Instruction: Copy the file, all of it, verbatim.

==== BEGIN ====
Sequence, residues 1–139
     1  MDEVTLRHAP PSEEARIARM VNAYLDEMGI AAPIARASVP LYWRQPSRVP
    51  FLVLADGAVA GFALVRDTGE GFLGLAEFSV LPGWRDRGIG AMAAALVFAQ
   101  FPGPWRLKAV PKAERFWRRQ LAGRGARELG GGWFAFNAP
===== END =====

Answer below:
Sequence, residues 1–139
     1  MDEVTLRHAP PSEEARIARM VNAYLDEMGI AAPIARASVP LYWRQPSRVP
    51  FLVLADGAVA GFALVRDTGE GFLGLAEFSV LPGWRDRGIG AMAAALVFAQ
   101  FPGPWRLKAV PKAERFWRRQ LAGRGARELG GGWFAFNAP